the archbishop also blessed the
original church bells, which were restored
by the Verdin Bell Company,
and which rang for the first time in
over a year.
As my family and I made our way up
the steps to the church last year, what
struck me was the absolute silence of
the crowd. The only sounds were falling rain and chirping birds. And, despite
the steady rain, neither crowds nor
moods seemed dampened.
Halfway to the top, a man tapped me
on the shoulder and offered me his
umbrella for my children, Maddie and
Alex, who were dripping wet. When
we reached the top, I handed it back to
him, and before I could even say thank
you or ask his name, he disappeared
into the church.
What touched Father Moran during
his first experience of the tradition, he
recalls, was seeing the number of groups
of people taking part together. He
recounts seeing multigenerational families,
groups of ladies, doctors, seminarians
and people coming after work
in suits and scrubs. Many come at set
times each year, he has learned.
As for how the steps are prayed, each
person's experience was different. Some
people held rosaries, others grasped
prayer books. Many simply moved forward,
heads bowed in prayer. Alex said
a Hail Mary on every step and an Our
Father on the landings—the only two
prayers he really knew at the time—because that is how my dad was taught
to do it growing up.
There is also no correct starting point.
Most people begin just down the hill
from the church on St. Gregory Street
in the heart of Mt. Adams. But others
begin all the way at the bottom of the
hill near Columbia Parkway, a more
formidable hike to the top.
That's what youth ministers Wayne
and Marianne Topp did, along with
members of their youth group from
Our Lady of Victory on the city's West
The group, which included three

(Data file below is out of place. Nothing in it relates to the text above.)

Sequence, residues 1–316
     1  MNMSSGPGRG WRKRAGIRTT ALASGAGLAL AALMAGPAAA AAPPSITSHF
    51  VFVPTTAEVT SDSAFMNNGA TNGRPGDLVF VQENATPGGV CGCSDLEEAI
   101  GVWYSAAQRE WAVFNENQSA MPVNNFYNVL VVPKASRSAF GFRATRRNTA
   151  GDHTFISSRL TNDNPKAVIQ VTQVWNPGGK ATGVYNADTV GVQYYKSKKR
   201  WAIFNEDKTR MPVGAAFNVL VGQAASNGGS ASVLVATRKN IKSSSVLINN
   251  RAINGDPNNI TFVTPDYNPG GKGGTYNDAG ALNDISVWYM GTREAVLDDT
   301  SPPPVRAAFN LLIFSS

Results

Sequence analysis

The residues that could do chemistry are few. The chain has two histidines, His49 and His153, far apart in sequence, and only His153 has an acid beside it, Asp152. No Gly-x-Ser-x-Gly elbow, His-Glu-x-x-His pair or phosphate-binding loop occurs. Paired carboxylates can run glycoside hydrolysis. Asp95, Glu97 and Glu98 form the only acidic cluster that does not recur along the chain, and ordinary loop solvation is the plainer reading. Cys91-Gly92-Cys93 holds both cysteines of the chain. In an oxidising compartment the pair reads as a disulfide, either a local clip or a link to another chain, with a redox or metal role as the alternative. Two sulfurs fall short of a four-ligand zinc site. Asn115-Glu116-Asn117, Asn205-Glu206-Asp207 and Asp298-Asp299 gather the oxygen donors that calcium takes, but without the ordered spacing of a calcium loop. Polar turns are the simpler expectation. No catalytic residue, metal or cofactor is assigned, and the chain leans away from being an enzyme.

other adults, gathered at midnight
on Holy Thursday at the base of Mt.
Adams and spent about two hours making
their way up the hill and into the
Topp says that for him, taking part in the tradition meant "giving the kids
an experience of the Catholic faith that
many of them had never seen before.
"On top of that, Praying the Steps signifies
for me Christ's journey toward
Calvary. And in a very powerful way,
through the tiredness and prayers, I
feel spiritually connected to him."
Nor is there any set way to end the
journey. At the top of the steps, some
participants stop to take in the view
overlooking the city, the Ohio River
and the banks of nearby Northern Kentucky
on the other side. Others stop at
a replica of the wooden crucifix that
originally greeted those who climbed
the hill to the church. The original,
which was damaged by vandals in the
1930s, was repaired and now is kept
inside the church.
And many make their way into the
church, to pray the Stations of the Cross
or simply sit quietly in the pews. At
2:00 and 7:30 p.m., the Good Friday
Liturgy of the Passion/Veneration of
the Cross is celebrated. The one thing
the parish does not do on Good Friday,
however, is sell things.
"We want it to be a prayerful day,"
says Father Moran. The parish does
have plenty of items to give away,
though, such as rosaries, prayer books
and Bibles, thanks to donations from
Prior to the 1970 closing of Holy
Cross Parish, Catholics would continue
on to that church's grotto, which was
dedicated to Our Lady of Lourdes, and
there receive a vial of holy water (a tradition
Father Moran hopes to revive) as
the final stop on their Good Friday
pilgrimage. A former Holy Cross member
donated the statue of Our Lady of
Lourdes to Holy Cross-Immaculata
Parish, where the original shrine has
Father Moran says he thinks the draw of
the tradition is that it keeps people connected
with the faith. The parish "has
always been a landmark of the faith," he
says. While Cincinnati may be known
as the Queen City of the West (a historical
title), the church stands as a representation
of Mary as queen of the city,
as Archbishop Purcell intended.
Father Moran hopes the example of
the tradition challenges other parishes
to ask what they have to offer for the
local community. Citing declining
numbers in other areas of the faith,
such as dwindling Mass attendance and
the number of parishes closing, he
notes that this long-standing tradition
continues to thrive.
"The numbers aren't going down,"
he says. "The tradition continues."
Many of the photos in this article
are contained in the book The Mount
Adams Steps: 150 Years of Good Friday
Pilgrimage to Immaculata, available